- I was given the chance to bid on a business because I had cash available (most others didn’t get the chance because they didn’t have the funds). In addition, I was able to outbid some other worthy competitors because I had a substantial amount of cash and was willing to risk it. So I purchased Rockstar Finance for way more than what it was worth using any reasonable set of metrics — but still a lot less than what I thought I could make from it. I won the bidding, grew the business, and sold at a handsome profit.
- A friend of mine approached me to invest in his rental properties because he knew I was wealthy. To date I’ve been able to move $125k from earning 2% in a savings account to 10% with him. Sure, there’s more risk (which is why he pays more) but again it won’t kill me if I lose $125k, so I can afford to be riskier.
In addition to these I could list many examples of opportunities that I or others have had by networking. This is because wealthy people tend to talk about money, wealth, investments, and opportunities when they get together. This presents the wealthy with opportunities that others simply don’t get — and those opportunities are often quite lucrative.
5. They can strike when the iron is hot.
Warren Buffett famously said to “be fearful when others are greedy and greedy when others are fearful.”
A great example of this was the 2007-2008 crash that killed the stock market and most real estate.
But because the wealthy had excess reserves, they were able to be greedy when others were fearful.
This is when many poured millions into the stock market and bought real estate at bargain prices. Even though times were bad, they had assets to make these moves and could afford to risk them. Those with less assets tended to circle the wagons and pull everything out of the market and housing.
Now look at what has happened in the past decade. Because the wealthy were able to strike when the opportunity presented itself, they became even wealthier.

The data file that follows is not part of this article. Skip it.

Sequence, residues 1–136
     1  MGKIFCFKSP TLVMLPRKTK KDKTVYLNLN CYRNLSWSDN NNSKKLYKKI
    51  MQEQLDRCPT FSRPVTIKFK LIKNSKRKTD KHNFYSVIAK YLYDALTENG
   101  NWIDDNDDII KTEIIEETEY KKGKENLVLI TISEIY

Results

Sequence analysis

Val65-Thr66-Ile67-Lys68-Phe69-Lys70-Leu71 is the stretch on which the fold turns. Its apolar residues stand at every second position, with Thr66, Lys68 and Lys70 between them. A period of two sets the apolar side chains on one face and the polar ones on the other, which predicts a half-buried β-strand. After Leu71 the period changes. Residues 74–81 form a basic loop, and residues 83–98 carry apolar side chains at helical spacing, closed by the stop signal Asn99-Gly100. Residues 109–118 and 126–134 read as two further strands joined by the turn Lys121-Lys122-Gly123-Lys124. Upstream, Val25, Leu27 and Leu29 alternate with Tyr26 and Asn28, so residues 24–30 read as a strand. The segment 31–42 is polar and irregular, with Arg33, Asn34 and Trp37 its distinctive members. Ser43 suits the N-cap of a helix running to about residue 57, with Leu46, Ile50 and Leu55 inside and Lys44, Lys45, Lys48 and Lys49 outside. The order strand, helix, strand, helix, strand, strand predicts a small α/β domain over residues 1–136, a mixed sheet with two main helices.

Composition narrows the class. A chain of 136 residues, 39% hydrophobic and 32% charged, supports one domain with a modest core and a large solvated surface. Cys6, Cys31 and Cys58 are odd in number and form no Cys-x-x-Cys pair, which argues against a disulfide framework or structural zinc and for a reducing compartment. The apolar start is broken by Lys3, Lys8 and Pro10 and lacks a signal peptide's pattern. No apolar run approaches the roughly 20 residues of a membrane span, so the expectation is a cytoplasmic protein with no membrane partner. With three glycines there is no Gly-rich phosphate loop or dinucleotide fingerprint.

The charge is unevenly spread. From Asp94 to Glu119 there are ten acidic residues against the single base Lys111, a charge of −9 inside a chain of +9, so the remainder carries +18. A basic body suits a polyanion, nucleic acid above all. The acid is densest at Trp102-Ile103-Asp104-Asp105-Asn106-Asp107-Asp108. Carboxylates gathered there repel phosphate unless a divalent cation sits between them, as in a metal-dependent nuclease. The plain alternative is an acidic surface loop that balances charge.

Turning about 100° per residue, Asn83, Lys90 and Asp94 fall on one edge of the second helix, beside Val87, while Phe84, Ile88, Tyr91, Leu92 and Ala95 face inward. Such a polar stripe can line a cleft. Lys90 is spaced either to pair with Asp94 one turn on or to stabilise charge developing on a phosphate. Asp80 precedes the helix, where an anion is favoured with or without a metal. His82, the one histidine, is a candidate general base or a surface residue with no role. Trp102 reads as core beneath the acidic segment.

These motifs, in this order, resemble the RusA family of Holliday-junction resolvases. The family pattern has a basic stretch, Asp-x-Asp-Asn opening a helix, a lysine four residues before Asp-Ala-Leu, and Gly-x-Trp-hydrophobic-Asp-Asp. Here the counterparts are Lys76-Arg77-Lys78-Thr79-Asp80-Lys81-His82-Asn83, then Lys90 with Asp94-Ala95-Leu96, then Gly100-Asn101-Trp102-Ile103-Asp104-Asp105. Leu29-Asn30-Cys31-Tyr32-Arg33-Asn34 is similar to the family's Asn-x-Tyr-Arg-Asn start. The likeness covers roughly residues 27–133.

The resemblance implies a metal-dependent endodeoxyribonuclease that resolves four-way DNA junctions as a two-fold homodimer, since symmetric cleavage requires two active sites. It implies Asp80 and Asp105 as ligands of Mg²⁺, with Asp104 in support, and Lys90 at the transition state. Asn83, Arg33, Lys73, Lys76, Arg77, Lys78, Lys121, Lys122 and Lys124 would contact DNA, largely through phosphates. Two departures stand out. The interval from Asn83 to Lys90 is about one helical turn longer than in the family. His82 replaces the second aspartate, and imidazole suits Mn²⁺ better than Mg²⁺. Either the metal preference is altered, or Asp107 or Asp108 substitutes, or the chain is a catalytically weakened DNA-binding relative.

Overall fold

Here’s a video that highlights the five ways the rich get richer:
Rich Dad Poor Dad and Old Money
As I was winding up this post, I had just started re-reading Rich Dad Poor Dad for an upcoming review. In the introduction he makes the following statement:
One of the reasons the rich get richer, the poor get poorer, and the middle class struggles in debt is that the subject of money is taught at home, not school. Most of us learn about money from our parents. So what can poor parents tell their child about money? They simply say, “Stay in school and study hard.” The child may graduate with excellent grades, but with a poor person’s financial programming and mindset.
This makes a lot of sense to me. I bet many of you can relate as well — having parents who knew little about money management themselves.
That’s why I consider Dr. Thomas Stanley to be my “Rich Dad.” He wrote The Millionaire Next Door. I read it, I applied what he said, and I became wealthy.
Interestingly enough, Robert Kiyosaki, the author of Rich Dad Poor Dad has written a book titled Why the Rich Are Getting Richer which he calls “graduate school for Rich Dad students”. I’ll be checking the book out.
I’m also reading The Old Money Book and the sentiments in it are the same as in Rich Dad Poor Dad. In this case, Old Money parents do teach their kids about money — and since they know what they are talking about, the home education is quite successful at maintaining generational wealth.
Not Limited to One Method
A big reason the rich become richer is that they can use several (or even all) of the five points above to their advantage.
We’ve seen numerically that any one of the methods can help tremendously. How much more of an impact is there if they work together?
I know I have used all of the points above throughout my life, sometimes individually and sometimes a few combined for an even greater impact.
And if it’s clear that any one of these could make the rich richer, it’s even more obvious that used together they can grow wealth exponentially.
To wrap up, those are my thoughts on how the rich become richer.
Do you have anything to add? Did I miss anything?
If so, leave your ideas in the comments below.